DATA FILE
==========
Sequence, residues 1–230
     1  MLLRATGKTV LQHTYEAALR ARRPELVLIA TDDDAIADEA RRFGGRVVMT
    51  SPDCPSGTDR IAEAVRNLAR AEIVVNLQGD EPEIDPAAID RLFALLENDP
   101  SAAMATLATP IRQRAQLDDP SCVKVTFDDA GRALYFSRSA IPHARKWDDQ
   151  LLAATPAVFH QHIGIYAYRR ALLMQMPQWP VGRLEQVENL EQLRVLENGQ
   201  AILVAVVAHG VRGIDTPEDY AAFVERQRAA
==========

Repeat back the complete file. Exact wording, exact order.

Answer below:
Sequence, residues 1–230
     1  MLLRATGKTV LQHTYEAALR ARRPELVLIA TDDDAIADEA RRFGGRVVMT
    51  SPDCPSGTDR IAEAVRNLAR AEIVVNLQGD EPEIDPAAID RLFALLENDP
   101  SAAMATLATP IRQRAQLDDP SCVKVTFDDA GRALYFSRSA IPHARKWDDQ
   151  LLAATPAVFH QHIGIYAYRR ALLMQMPQWP VGRLEQVENL EQLRVLENGQ
   201  AILVAVVAHG VRGIDTPEDY AAFVERQRAA